(CBS/AP) A revolution in cancer care may be in the offing, thanks to a new blood test said to be so sensitive it can spot a single cancer cell lurking among a billion healthy ones.
The Boston-based scientists who invented the experimental test and health-care giant Johnson & Johnson were scheduled to announce today that they are joining forces to bring the test to market.
"This is like a liquid biopsy" that avoids painful tissue sampling and may give a better way to monitor patients than periodic imaging scans, said Dr. Daniel Haber, chief of Massachusetts General Hospital's cancer center and one of the test's inventors.
The test could transform care for several types of cancer, including breast, prostate, colon, and lung. Initially, doctors want to use it to try to predict what treatments would be best for each patient's tumor and find out quickly if they are working. The ultimate goal is to substitute the test for mammograms, colonoscopies and other less-than-ideal methods used now.
Doctors typically give a drug or radiation treatment and then do a CT scan two months later to look for tumor shrinkage. Some patients only live long enough to try one or two treatments, so a test that can gauge success sooner, by looking at cancer cells in the blood, could give patients more options.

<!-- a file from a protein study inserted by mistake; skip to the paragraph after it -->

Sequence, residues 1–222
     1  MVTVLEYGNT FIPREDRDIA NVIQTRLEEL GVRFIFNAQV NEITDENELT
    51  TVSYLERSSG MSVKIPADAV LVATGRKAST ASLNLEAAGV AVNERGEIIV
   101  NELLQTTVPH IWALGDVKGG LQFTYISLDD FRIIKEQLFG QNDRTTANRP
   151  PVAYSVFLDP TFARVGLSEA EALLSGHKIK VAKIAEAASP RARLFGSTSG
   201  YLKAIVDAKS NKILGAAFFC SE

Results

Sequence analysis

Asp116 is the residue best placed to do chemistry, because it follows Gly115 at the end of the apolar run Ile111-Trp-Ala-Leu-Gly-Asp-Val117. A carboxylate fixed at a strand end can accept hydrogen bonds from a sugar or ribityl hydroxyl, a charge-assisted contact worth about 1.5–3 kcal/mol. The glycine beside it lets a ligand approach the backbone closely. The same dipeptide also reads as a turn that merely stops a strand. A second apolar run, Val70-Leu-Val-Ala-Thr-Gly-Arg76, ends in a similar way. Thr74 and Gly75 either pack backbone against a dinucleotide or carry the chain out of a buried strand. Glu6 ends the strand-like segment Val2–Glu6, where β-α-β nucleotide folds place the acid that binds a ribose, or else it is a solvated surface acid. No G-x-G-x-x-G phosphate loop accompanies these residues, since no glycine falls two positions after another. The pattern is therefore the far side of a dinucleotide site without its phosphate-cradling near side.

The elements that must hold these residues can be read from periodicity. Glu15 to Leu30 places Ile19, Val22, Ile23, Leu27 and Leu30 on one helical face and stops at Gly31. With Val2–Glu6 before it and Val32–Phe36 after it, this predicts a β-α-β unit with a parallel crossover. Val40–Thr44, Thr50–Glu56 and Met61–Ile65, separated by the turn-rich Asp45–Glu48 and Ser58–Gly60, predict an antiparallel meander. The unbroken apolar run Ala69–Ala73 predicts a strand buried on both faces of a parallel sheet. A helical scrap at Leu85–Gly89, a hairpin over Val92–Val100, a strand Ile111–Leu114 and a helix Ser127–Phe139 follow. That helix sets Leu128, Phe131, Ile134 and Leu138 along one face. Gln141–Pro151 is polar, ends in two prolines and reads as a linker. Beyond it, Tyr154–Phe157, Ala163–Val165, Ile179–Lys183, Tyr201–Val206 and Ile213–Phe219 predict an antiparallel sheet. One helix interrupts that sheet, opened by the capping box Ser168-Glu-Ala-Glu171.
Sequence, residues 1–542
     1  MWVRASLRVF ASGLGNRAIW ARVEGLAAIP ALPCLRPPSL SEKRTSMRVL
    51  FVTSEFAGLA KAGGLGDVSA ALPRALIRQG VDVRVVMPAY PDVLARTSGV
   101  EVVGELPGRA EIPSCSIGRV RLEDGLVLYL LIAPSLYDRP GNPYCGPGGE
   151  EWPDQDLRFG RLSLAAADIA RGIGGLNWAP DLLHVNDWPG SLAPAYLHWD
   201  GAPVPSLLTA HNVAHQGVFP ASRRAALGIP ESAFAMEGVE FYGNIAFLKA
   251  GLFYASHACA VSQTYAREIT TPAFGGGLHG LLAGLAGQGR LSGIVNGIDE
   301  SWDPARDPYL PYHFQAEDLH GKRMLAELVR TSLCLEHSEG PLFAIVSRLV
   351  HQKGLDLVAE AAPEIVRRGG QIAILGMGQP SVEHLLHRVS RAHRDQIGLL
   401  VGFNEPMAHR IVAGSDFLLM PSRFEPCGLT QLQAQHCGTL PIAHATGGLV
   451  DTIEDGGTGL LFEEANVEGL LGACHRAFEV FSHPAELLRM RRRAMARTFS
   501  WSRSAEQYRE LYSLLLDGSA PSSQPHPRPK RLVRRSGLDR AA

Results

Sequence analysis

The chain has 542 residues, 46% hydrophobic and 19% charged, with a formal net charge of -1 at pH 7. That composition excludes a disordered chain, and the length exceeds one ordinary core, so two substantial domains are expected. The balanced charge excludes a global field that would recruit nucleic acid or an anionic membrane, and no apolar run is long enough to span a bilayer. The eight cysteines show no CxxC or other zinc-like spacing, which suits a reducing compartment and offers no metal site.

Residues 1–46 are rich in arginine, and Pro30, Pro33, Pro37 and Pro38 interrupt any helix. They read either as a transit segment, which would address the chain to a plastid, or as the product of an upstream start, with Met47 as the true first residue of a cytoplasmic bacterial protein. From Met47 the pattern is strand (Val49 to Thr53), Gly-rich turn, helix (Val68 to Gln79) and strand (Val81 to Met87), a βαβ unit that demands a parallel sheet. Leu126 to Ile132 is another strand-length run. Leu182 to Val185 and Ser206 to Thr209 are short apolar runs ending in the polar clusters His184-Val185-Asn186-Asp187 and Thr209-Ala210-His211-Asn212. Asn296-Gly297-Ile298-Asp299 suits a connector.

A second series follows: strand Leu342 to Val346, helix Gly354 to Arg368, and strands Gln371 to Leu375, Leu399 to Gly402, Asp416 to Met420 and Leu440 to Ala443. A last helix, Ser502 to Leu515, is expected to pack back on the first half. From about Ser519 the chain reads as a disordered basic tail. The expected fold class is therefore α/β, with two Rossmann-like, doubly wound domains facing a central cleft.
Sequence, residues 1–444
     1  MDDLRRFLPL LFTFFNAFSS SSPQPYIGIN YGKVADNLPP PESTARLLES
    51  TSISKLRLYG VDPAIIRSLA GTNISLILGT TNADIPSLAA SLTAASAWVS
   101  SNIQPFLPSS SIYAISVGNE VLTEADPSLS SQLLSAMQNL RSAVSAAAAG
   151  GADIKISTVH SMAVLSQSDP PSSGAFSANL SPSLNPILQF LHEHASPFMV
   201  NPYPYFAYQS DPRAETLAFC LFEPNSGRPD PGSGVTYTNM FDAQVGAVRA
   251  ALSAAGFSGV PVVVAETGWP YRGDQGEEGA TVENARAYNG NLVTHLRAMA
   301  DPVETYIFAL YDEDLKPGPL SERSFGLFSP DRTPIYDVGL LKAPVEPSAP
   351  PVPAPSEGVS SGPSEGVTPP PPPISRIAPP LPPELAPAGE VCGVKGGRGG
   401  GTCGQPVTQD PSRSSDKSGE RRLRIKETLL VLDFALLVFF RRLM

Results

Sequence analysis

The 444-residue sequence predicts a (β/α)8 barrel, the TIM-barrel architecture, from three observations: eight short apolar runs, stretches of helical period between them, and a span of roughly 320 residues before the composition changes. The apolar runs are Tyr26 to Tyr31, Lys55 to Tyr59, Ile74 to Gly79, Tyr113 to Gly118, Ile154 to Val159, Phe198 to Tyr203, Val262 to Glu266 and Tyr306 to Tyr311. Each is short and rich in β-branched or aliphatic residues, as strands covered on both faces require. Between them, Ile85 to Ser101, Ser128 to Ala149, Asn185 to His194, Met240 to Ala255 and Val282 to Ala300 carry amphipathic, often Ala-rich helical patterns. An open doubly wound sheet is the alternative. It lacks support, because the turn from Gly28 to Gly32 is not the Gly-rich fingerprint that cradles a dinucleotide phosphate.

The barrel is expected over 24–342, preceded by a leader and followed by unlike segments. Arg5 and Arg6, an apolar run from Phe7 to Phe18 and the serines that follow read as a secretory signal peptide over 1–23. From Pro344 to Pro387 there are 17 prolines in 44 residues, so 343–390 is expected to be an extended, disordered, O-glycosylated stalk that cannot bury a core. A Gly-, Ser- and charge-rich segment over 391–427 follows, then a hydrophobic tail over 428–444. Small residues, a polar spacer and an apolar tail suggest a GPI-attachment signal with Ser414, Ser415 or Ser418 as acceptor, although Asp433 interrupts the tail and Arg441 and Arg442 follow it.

"If you could find out quickly, 'this drug is working, stay on it,' or 'this drug is not working, try something else,' that would be huge," Haber said.
The test uses a microchip that resembles a lab slide covered in 78,000 tiny posts, like bristles on a brush. The posts are coated with antibodies that bind to tumor cells. When blood is forced across the chip, cells ping off the posts like balls in a pinball machine. The cancer cells stick, and stains make them glow so researchers can count and capture them for study.
For doctors who treat breast cancer, the dream is "a woman comes in for her mammogram and gets a tube of blood drawn" so doctors can look for cancer cells in her blood as well as tumors on the imaging exam, said Dr. Minetta Liu, a breast cancer specialist at Georgetown University's Lombardi Comprehensive Cancer Center.
That's still far off, but Mass General's test already is letting doctors monitor patients without painful biopsies. Like Greg Vrettos, who suffered a collapsed lung from a biopsy in 2004, when he was diagnosed with lung cancer.
"It had spread to both lungs and they couldn't operate," said Vrettos, 63, a nonsmoker and retired electrical engineer from Durham, N.H. Tests from the biopsy showed that he was a good candidate for the drug Iressa, which he has taken ever since. He goes to Boston every three months for CT scans and the blood test.
"They could look at the number of cancer cells and see that it dropped over time. It corresponded with what the scans were showing," Vrettos said of doctors looking at his blood tests.
"I think it's going to be revolutionary," he said of the test.